Last spring, I attended the Washington DC launch of the Campaign for Grade-Level Reading. Spearheaded by the Annie E. Casey Foundation and a broad coalition of public/private organizations, including the National Civic League, the National League of Cities, and United Way Worldwide, the campaign is a coordinated, national effort to boost reading by 3rd grade. Recognizing that “third grade is a critical juncture on the road to high school graduation,” the campaign plans to tackle three challenges: school readiness, summer reading loss, and chronic school absenteeism.
Importantly, the Campaign for Grade-Level Reading recognizes that it will require community solutions to achieve success, and I know that libraries and museums play key roles in the early learning experiences of parents, caregivers, and young children. We at IMLS are proud of the many early learning grants that we have awarded to libraries and museums around the country—through our national discretionary grant programs and at the state level through our grants to states work. Many of these projects are already “moving the needle” on school readiness and summer reading loss! And we are currently planning a partnership with the campaign to craft a more intentional approach to this important national issue. But before we announce our plans, there is something you can consider right now.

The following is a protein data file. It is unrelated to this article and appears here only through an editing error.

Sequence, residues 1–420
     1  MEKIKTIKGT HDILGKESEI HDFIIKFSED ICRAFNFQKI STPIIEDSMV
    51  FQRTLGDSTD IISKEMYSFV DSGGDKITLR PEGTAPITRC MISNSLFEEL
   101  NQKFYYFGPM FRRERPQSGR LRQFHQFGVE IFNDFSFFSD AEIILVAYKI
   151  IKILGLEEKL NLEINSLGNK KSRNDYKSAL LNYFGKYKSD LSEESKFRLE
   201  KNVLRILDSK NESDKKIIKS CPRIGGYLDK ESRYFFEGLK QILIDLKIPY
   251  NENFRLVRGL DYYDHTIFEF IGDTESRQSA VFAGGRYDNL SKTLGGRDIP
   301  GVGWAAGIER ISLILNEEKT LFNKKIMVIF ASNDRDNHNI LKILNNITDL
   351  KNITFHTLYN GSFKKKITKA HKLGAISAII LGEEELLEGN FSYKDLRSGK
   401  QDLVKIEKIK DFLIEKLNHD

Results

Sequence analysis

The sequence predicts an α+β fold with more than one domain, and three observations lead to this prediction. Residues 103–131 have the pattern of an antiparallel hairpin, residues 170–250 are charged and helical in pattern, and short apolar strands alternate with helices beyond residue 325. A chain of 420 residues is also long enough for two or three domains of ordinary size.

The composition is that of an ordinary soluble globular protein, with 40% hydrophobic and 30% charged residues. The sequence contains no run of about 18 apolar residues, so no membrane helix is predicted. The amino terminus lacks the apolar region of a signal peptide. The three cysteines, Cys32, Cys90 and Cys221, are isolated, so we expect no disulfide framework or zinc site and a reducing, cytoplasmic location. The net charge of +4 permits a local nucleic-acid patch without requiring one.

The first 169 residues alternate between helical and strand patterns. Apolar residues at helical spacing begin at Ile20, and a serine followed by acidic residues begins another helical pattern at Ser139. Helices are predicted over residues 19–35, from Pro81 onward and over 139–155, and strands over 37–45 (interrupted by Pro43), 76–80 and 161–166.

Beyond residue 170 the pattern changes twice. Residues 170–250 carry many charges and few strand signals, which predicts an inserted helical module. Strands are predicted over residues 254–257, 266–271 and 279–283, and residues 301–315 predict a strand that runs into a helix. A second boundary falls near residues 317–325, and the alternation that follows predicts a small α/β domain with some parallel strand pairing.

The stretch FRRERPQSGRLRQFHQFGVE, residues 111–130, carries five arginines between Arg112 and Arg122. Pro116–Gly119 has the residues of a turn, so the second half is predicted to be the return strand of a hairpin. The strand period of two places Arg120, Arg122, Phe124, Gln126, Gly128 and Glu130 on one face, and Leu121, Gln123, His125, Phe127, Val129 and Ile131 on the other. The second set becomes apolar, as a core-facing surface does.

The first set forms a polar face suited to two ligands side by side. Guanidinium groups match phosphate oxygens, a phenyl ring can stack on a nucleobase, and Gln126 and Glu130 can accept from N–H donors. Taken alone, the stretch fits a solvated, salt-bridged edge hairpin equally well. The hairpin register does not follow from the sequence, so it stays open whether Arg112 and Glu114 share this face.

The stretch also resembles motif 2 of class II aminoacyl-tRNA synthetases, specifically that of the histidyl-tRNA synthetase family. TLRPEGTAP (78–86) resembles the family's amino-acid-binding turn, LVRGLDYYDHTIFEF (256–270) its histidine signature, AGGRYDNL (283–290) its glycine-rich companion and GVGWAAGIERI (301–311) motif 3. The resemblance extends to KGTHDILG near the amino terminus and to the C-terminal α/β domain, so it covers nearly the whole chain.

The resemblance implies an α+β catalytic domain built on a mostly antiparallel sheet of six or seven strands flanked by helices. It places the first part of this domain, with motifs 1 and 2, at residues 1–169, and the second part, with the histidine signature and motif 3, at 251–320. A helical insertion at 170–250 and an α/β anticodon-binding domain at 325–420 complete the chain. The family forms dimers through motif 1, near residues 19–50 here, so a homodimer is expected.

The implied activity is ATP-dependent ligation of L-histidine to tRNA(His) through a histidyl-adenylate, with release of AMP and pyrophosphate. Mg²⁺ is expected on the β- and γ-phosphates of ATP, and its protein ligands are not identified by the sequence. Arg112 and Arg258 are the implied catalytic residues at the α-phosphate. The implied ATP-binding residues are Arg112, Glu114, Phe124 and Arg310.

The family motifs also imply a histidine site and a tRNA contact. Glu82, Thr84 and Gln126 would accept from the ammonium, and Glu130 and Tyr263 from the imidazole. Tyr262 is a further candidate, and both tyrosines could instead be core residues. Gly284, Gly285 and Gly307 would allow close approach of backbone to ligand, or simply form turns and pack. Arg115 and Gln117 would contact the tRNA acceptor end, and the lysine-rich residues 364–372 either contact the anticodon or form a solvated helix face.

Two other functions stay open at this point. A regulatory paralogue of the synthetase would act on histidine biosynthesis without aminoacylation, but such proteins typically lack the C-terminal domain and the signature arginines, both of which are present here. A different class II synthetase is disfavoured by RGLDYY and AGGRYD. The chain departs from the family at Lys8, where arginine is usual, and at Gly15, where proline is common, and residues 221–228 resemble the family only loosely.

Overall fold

In 2012, as an extra incentive for communities to work collaboratively to meet the campaign’s goals, the National League of Cities’ prestigious All America City Awards will be given to the 10 communities that “develop the most comprehensive, realistic, and sustainable plans for improving grade-level reading by increasing school readiness, reducing school absenteeism, and addressing summer learning loss.” The award requires each community to form a cross-sector team to create the detailed plan.
You can read more about the award at www.allamericacityaward.com.
We know that many libraries and museums are already working with their community partners on their applications. The important key dates for this competition are: October 14, for the submission of a letter of intent confirming a community mobilization to develop a plan and secure data, March 12, 2012, for the submission of the application, and June 30-July 2, 2012, when finalists will present plans at a Denver conference and winners will be announced.
This is a wonderful opportunity for libraries and museums to move their early learning efforts forward! I encourage you to learn more about the Campaign for Grade-Level Reading and the All-America City Award, consider how you can work with other organizations in your community on its early learning needs, and throw your hat in the ring!